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Why Some People Are Always Right And Others Are Never Wrong…

Whether we’re talking about politics, racehorses or the football, there’s something admirable about tipsters and that’s that they never look back. Ok, they may have had it completely wrong last week and, while most of us would feel a sense of embarrassment about getting something so publicly wrong, there they are fronting up again next week and giving us their predictions about the future with all the confidence of an astrologer.

Of course, we all accept that people tipping sport are likely to get in wrong and nobody would seriously expect that the experts are likely to get it right every time because that would create an enormous problem for betting markets and, after all, aren’t the betting markets the main reason that would hold sporting contests?

And even with political and economic forecasters, it’s only reasonable to understand that even the most expert and knowledgeable commentator may sometimes get things wrong because of changing circumstances. You know the sort of thing:

“I said that interest rates wouldn’t rise in the foreseeable future and the fact that they’re now rising means that we’re no longer in the foreseeable future because I didn’t foresee it.”

OR

“It’s only because the Democrats held on to key seats that prevented the Red Tsunami that I predicted from happening.”

No, the future is uncertain and anyone trying to make a prediction will risk the wrath of the gods… Or maybe not! Who can tell?

However, lately I’ve started to wonder how certain people can be so dogmatic about their views without even once pausing to say, “Of course, I have been wrong in the past, so maybe you should be taking everything I say with a grain of salt!” At the very least, perhaps they should take the time to explain to people how their journey has taken them from a point somewhere on the road to Damascus where they were blinded by God to the point where they’re a complete atheist.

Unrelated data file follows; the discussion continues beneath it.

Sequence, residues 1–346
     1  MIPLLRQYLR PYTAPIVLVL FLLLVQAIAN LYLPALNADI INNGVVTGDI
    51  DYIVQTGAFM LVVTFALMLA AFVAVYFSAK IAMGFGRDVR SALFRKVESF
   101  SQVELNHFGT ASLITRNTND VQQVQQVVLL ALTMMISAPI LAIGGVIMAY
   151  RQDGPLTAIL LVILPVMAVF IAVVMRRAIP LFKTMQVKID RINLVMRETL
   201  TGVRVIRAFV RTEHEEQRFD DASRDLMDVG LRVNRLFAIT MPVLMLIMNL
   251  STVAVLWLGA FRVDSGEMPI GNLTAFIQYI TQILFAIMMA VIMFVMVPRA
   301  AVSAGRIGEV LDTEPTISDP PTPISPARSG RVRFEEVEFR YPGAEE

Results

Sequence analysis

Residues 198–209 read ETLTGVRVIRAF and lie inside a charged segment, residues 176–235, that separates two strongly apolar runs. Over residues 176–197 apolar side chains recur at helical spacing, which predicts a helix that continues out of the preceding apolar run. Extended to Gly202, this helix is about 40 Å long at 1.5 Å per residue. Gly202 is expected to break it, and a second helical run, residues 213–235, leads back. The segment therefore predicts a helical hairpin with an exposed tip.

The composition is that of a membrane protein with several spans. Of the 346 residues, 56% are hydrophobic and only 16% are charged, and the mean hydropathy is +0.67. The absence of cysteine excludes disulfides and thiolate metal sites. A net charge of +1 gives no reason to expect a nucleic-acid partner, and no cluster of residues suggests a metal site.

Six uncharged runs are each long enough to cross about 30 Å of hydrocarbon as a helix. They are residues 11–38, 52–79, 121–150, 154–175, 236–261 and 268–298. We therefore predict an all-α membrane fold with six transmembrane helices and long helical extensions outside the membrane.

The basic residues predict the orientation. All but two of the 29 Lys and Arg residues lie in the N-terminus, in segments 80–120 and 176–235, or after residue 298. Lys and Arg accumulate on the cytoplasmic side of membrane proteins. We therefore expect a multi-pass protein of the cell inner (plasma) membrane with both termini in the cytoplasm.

Take for example, Warren Mundine who was once president of the Labor Party, and as recently as 2012 expressed an interest in being a Labor senator. However, when Bob Carr got the gig instead, Mundine did an interview where he said that while he’d supported the Hawke/Keating Labor Party, the current one had fallen behind the Liberal Party in selecting Indigenous candidates. Mind you, that doesn’t extend to the Indigenous Voice to Parliament because you don’t need to select more than one Indigenous candidate named Mundine for him to stick with the party.

Anyway, at least it’s all clear about what changed his mind and why he’s gone from Labor President to someone who Retweets things from the Murdoch media.

Mark Latham, on the other hand, is a bit of a mystery. From being the Labor leader who referred to the Coalition as “a conga-line of suck-holes” for their support of the USA, he’s become someone who tweets photos of himself having dinner with his leader, Pauline Hanson.

Latham’s record:

  • In 2002, Latham said: “I’m a hater. Part of the tribalness of politics is to really dislike the other side with intensity. And the more I see of them the more I hate them. I hate their negativity. I hate their narrowness. I hate the way, for instance, John Howard tries to appeal to suburban values when I know that he hasn’t got any real answers to the problems and challenges we face.”
  • Latham left politics and wrote a book saying how terrible political life in Australia is.
  • He returned to politics, joining the Liberal Democrats.
  • He left the Liberal Democrats and joined One Nation.
  • He hosted a program on Sky called “The Outsiders”, presumably as an attempt to gain sympathy because he’s not an insider.
  • He was sacked from the program because he was too much of an outsider.
  • He’s a firm believer in free speech and believes that all those complaining about being oppressed should just shut up and listen.

But in all this, he’s never explained what changed his mind from disliking “the other side with intensity” to disliking just about everybody and everything that isn’t Mark Latham.

Or perhaps that was always the case.

 

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12 comments

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  1. Harry Lime

    Excellent choice of Mundine and Latham as examples,two of the worst quislings in recent history.You would have more luck trying to put an octopus into a string bag than pinning either of them down.By the way Rossleigh,I thought I was wrong once,but I was mistaken.

  2. Terence Mills

    Harry

    All forgiven – there are, after all, facts and alternative facts !

  3. Phil Pryor

    Poor old Latham, so capable in boring illogicality, with all those syndromes, irritable bowel, scrunched scrotum, collapsible colon, angry aching anus, misguided mouth, larrikin larynx, brittlebrain bonebox, etc. Aldorf Hilter had some of these…lonely stuff.

  4. andy56